And now… Euro-wine
The European Commission have dreamed up one of their invidious ‘five-year plans’ (everything in the EU is subject to this fermentation period), which consists of ploughing up 200,000 hectares of excess vines, and pushing subsidies toward marketing instead of price guarantees. Presently, Europe's wine sector receives an annual subsidy of €1.3 billion, which is used largely to distil unwanted alcohol into industrial products such as cleaning fluid. While some may say that this is all French wine is good for, it is undeniable that the EU is lagging behind the commercial practices of the New World. Imports into the EU from countries like Chile and Australia have risen by 10 per cent each year since 1996, which amounts to more than doubling in a decade. Rather like the CFP, which demands that perfectly edible undersized fish be returned to the seas to rot, excess wine production is already a burden on EU coffers to the tune of €0.5 billion a year – that is the cost of disposing of the surplus wine for which there is no market. It is simply poured down the lavatory.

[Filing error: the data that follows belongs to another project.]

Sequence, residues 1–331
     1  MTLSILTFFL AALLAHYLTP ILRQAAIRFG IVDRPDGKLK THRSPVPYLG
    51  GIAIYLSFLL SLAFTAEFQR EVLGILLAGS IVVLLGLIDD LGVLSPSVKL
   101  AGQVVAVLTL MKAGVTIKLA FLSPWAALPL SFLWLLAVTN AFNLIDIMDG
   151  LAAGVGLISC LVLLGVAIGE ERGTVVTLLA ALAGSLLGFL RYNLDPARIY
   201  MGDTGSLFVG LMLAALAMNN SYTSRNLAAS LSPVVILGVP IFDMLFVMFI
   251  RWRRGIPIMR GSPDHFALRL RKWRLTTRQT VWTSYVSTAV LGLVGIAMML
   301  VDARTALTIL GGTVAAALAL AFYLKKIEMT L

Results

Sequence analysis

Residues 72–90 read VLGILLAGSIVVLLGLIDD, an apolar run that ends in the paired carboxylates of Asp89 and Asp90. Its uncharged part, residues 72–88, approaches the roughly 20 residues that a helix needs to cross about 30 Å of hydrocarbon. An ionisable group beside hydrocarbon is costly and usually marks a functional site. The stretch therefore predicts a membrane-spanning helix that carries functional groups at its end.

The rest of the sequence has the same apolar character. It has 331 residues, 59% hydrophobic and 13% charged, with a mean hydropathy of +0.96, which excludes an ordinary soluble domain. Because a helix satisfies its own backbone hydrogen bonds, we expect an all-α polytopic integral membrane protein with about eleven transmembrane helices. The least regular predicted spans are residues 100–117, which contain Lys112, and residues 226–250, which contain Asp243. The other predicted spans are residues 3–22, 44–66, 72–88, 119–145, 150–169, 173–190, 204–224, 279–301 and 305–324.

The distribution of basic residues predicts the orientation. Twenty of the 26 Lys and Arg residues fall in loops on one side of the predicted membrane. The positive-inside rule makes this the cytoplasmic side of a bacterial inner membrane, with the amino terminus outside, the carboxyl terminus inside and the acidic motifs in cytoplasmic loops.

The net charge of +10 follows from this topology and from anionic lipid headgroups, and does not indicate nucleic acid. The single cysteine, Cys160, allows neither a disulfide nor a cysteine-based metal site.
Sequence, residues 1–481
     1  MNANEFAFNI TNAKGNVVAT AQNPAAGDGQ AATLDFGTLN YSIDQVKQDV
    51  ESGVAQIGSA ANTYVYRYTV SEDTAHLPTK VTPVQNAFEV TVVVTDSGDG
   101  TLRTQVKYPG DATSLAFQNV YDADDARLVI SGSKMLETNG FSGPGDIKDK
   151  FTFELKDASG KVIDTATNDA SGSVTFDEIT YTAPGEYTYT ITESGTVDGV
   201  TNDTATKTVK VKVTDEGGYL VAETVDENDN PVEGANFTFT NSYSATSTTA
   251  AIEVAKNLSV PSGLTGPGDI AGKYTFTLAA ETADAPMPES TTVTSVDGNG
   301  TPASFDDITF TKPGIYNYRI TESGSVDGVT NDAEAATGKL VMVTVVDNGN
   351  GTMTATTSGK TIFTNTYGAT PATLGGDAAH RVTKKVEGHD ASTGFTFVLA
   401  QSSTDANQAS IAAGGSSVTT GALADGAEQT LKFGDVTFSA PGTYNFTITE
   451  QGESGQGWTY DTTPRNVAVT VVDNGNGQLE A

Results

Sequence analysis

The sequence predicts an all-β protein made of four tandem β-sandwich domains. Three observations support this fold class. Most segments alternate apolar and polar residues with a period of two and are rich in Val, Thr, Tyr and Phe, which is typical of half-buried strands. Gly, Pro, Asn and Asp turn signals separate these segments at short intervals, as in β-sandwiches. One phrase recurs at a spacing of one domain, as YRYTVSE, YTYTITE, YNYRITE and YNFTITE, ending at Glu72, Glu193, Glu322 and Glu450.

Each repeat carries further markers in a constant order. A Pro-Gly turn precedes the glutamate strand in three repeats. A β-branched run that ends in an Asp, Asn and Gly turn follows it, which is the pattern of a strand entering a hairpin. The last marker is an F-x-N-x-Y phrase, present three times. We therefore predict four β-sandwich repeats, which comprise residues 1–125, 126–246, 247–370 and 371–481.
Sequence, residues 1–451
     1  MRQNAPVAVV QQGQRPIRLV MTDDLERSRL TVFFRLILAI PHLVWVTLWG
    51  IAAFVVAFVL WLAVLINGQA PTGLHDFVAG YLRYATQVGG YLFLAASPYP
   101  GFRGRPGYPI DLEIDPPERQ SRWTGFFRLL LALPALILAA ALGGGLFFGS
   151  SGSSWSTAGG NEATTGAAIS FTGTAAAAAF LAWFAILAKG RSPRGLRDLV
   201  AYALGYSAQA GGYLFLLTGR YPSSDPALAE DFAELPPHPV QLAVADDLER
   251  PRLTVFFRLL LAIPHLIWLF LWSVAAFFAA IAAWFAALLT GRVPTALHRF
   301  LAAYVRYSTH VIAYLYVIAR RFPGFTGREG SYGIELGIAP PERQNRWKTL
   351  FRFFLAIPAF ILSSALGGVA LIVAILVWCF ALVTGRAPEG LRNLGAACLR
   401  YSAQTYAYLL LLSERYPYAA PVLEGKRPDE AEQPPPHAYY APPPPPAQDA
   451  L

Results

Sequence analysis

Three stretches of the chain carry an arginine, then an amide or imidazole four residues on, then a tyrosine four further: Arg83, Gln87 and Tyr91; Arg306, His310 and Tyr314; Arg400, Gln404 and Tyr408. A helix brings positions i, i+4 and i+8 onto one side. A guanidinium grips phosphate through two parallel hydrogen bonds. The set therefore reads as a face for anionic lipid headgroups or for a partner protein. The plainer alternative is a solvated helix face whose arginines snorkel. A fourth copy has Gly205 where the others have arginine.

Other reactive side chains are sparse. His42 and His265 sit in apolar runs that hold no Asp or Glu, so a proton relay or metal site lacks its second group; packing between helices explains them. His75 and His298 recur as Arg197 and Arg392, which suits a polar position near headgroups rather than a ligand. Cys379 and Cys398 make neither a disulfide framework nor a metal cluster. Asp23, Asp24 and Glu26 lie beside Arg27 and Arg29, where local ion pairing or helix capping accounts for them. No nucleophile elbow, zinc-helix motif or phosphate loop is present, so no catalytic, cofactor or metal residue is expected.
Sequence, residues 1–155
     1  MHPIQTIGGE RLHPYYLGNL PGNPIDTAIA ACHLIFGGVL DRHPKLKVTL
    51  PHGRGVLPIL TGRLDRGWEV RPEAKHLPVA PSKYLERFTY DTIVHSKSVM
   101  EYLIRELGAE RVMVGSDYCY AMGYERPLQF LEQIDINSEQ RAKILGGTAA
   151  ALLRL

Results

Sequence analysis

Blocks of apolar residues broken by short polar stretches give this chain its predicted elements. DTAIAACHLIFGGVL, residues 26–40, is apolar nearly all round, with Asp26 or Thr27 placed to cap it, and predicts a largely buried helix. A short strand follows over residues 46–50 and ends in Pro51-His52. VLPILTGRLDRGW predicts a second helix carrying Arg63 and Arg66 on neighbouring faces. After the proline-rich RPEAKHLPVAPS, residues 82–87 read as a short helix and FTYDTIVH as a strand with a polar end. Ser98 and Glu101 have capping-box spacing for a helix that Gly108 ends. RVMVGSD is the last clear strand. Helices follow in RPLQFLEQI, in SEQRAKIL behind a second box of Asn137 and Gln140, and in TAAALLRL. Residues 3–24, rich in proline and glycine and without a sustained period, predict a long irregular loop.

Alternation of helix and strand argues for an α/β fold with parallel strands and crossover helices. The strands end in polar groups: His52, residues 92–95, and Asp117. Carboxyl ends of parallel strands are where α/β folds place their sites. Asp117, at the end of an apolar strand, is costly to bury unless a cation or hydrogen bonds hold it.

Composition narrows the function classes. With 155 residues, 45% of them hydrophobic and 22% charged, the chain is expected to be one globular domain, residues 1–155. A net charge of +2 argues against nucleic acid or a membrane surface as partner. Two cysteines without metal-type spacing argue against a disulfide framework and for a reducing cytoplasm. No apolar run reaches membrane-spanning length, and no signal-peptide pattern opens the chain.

The Commission proposes to end all subsidy linked to surpluses. The EU will simply no longer buy up surplus wine, placing the onus on the manufacturers to sell what they produce. What a marvellously innovative concept…
In order to reinvigorate the market by making EU wine less expensive, the expert vintners of the European Commission are proposing to ban the use of sugar in wine manufacture, which is traditionally used to increase the alcohol content. The exhortation will be to use unfermented grape juice instead, which is cheaper by a third. But this will see an interesting spat between the Roman Catholic south and the Protestant north. Southern vintners, who enjoy sunny weather for most of the year, back the idea, while northern vintners are against the ban. Climactic factors have considerable impact on the ultimate product. But a sugar ban will be a certain problem for France, the world's largest winemaker. Champagne producers, based in France's most northerly Appellation Controlée area, have a long tradition of adding sugar.
As long as Cranmer’s Eucharist remains as palatable as it presently is, the European Commission can proceed with this CAP reform to its hearts content. But how the famously militant French farmers will react to the proposals remains to be seen.